Much is made of the fact that this country has been at war in Afghanistan for more than a decade, the country’s longest war, and that conventional troops when they left Iraq in late 2011 had been there for more than eight years.
The training ground that Osama bin Laden used to launch al-Qaida’s attacks on the United States had largely been defused by U.S. support of the Northern Alliance, only to have it flare up again when the U.S. turned its attention to Iraq where Saddam Hussein was thought to have weapons of mass destruction.
Now, American troops are expected to be out of Afghanistan in 2014.
Memorial Day is not just about these two long wars and the men and women who have given their lives in an attempt to create a safer world and to give residents of the Middle East a start on a better future. Memorial Day dates to the spring of 1866, when almost simultaneously the residents of several cities and towns in the South decided to designate a day to remember their military dead. The Civil War had ended a year earlier, and both the South and the North had suffered a huge number of fatalities.
World War I and World War II, the Korean War and Vietnam have added dearly to the reason behind Memorial Day.
The continuing war in Afghanistan, like the recent war in Iraq, is being fought without any immediate impacts on the majority of Americans. Under President George W. Bush taxes were decreased, and the cost of the wars was not a part of the federal budget. They are in the budget now, in Barack Obama’s presidency, but taxes are unchanged.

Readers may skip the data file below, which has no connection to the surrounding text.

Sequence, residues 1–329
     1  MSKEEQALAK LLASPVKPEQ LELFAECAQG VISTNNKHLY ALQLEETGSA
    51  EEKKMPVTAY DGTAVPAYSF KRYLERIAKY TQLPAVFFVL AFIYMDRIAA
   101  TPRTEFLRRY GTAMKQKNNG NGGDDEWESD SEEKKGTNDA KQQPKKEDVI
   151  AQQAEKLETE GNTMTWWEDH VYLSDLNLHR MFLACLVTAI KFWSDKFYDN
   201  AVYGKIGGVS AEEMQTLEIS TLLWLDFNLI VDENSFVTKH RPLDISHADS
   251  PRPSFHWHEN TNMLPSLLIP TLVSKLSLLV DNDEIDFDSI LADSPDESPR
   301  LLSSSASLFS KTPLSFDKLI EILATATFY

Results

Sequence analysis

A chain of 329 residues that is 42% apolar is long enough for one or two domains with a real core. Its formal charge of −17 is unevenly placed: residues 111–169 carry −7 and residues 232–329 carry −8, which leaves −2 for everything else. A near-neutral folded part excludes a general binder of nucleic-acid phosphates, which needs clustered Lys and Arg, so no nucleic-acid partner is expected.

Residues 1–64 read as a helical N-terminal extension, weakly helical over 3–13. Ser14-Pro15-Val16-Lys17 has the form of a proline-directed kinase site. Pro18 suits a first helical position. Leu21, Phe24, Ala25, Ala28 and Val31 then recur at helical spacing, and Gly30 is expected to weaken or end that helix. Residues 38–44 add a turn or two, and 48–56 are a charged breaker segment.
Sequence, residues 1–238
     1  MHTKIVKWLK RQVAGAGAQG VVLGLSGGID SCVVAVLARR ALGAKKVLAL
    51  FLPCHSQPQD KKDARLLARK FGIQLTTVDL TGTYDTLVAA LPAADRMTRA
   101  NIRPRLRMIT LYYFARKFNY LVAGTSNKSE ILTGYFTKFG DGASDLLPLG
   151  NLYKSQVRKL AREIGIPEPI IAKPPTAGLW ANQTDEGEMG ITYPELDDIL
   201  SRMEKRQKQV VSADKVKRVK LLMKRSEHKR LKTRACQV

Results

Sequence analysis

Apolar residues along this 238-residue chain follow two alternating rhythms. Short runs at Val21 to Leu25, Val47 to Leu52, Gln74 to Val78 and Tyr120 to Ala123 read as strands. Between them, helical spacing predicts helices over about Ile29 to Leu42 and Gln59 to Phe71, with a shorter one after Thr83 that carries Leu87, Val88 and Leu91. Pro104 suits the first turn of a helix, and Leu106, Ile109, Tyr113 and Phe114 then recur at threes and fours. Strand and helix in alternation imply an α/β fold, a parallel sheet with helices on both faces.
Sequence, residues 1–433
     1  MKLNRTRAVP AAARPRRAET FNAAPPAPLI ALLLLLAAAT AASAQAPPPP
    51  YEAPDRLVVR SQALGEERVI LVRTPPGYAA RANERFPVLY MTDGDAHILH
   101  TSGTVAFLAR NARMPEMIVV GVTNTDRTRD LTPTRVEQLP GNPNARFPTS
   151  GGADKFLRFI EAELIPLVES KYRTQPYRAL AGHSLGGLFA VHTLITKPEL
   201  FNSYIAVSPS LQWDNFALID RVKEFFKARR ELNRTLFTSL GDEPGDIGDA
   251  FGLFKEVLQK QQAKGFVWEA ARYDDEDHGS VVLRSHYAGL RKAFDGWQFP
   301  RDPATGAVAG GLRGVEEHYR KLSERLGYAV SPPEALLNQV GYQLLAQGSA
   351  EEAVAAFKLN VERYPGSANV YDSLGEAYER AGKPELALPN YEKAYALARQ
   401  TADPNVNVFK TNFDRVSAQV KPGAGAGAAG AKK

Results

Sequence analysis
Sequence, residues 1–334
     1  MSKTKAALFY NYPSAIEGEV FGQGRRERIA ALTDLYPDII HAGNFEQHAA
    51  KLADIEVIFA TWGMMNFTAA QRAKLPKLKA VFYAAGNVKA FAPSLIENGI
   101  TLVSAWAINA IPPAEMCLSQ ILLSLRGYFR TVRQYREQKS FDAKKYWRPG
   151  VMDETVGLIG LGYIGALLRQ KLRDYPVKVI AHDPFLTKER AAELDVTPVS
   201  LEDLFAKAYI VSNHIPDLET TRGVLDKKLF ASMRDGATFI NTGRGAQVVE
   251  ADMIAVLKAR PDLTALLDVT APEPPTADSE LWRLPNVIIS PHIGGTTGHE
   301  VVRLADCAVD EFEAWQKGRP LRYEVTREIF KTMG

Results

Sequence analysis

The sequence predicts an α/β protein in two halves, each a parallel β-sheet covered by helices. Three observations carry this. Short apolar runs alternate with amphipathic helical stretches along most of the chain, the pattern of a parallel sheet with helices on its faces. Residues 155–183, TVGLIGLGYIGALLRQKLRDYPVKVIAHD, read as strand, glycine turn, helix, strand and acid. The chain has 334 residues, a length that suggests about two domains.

Tires and gasoline are not rationed, collecting scrap steel is not necessary, and it is for fresh produce not for a Victory Garden that seeds are planted.
Most Americans have been very, very fortunate.
Those who have lost a family member in Iraq or in Afghanistan have not. They know the terrible tragedy of war, and the imprint it has made on them will remain always.
When the price of war in human terms is so distant, and the memories of World War II, Korea and Vietnam have either faded or are unknown to anyone younger than 45 or so, it is easy to have only a murky sense of the significance of Memorial Day. Today, notice the flags flying and the sound of the rifle salutes. Take at least a few minutes to think of those who have given their life to keep this country free. Once a year is not too much to ask.
They deserve that.